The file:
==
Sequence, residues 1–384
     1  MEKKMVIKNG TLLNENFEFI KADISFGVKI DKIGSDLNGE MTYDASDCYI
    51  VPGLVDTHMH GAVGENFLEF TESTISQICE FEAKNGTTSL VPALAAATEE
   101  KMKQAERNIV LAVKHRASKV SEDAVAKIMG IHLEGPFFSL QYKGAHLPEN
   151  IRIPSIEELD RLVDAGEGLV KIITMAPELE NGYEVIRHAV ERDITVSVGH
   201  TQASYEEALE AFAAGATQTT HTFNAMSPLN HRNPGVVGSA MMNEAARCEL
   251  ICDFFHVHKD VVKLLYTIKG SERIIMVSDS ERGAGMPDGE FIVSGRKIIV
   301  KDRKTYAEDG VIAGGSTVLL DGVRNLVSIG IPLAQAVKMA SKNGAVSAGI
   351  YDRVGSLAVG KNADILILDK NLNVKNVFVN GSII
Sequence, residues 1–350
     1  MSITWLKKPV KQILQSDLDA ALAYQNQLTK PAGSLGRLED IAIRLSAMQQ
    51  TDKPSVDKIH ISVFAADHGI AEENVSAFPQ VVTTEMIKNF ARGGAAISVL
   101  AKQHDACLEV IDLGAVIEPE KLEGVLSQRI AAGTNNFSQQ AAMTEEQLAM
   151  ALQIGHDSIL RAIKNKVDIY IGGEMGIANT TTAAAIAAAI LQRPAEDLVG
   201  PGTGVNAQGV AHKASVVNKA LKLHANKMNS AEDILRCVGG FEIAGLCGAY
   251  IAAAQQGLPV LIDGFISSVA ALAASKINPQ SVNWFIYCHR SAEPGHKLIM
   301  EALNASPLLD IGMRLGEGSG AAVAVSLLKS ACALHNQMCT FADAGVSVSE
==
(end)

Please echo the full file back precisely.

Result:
Sequence, residues 1–384
     1  MEKKMVIKNG TLLNENFEFI KADISFGVKI DKIGSDLNGE MTYDASDCYI
    51  VPGLVDTHMH GAVGENFLEF TESTISQICE FEAKNGTTSL VPALAAATEE
   101  KMKQAERNIV LAVKHRASKV SEDAVAKIMG IHLEGPFFSL QYKGAHLPEN
   151  IRIPSIEELD RLVDAGEGLV KIITMAPELE NGYEVIRHAV ERDITVSVGH
   201  TQASYEEALE AFAAGATQTT HTFNAMSPLN HRNPGVVGSA MMNEAARCEL
   251  ICDFFHVHKD VVKLLYTIKG SERIIMVSDS ERGAGMPDGE FIVSGRKIIV
   301  KDRKTYAEDG VIAGGSTVLL DGVRNLVSIG IPLAQAVKMA SKNGAVSAGI
   351  YDRVGSLAVG KNADILILDK NLNVKNVFVN GSII
Sequence, residues 1–350
     1  MSITWLKKPV KQILQSDLDA ALAYQNQLTK PAGSLGRLED IAIRLSAMQQ
    51  TDKPSVDKIH ISVFAADHGI AEENVSAFPQ VVTTEMIKNF ARGGAAISVL
   101  AKQHDACLEV IDLGAVIEPE KLEGVLSQRI AAGTNNFSQQ AAMTEEQLAM
   151  ALQIGHDSIL RAIKNKVDIY IGGEMGIANT TTAAAIAAAI LQRPAEDLVG
   201  PGTGVNAQGV AHKASVVNKA LKLHANKMNS AEDILRCVGG FEIAGLCGAY
   251  IAAAQQGLPV LIDGFISSVA ALAASKINPQ SVNWFIYCHR SAEPGHKLIM
   301  EALNASPLLD IGMRLGEGSG AAVAVSLLKS ACALHNQMCT FADAGVSVSE